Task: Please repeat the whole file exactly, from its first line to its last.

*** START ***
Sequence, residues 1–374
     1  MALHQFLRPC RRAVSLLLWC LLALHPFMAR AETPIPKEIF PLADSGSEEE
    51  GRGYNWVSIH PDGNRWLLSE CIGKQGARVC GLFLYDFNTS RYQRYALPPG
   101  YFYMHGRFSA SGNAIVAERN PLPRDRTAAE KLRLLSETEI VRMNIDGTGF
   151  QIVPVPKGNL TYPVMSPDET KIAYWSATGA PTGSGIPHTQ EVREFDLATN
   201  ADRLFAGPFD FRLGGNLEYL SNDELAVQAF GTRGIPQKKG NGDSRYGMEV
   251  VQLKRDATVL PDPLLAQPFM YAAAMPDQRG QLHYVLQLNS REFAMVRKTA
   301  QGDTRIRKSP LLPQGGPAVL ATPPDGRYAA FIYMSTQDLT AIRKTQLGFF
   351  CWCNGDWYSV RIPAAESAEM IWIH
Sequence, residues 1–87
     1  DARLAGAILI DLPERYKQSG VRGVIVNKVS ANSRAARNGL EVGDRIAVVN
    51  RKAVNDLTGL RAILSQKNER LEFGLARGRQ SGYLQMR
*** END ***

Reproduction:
Sequence, residues 1–374
     1  MALHQFLRPC RRAVSLLLWC LLALHPFMAR AETPIPKEIF PLADSGSEEE
    51  GRGYNWVSIH PDGNRWLLSE CIGKQGARVC GLFLYDFNTS RYQRYALPPG
   101  YFYMHGRFSA SGNAIVAERN PLPRDRTAAE KLRLLSETEI VRMNIDGTGF
   151  QIVPVPKGNL TYPVMSPDET KIAYWSATGA PTGSGIPHTQ EVREFDLATN
   201  ADRLFAGPFD FRLGGNLEYL SNDELAVQAF GTRGIPQKKG NGDSRYGMEV
   251  VQLKRDATVL PDPLLAQPFM YAAAMPDQRG QLHYVLQLNS REFAMVRKTA
   301  QGDTRIRKSP LLPQGGPAVL ATPPDGRYAA FIYMSTQDLT AIRKTQLGFF
   351  CWCNGDWYSV RIPAAESAEM IWIH
Sequence, residues 1–87
     1  DARLAGAILI DLPERYKQSG VRGVIVNKVS ANSRAARNGL EVGDRIAVVN
    51  RKAVNDLTGL RAILSQKNER LEFGLARGRQ SGYLQMR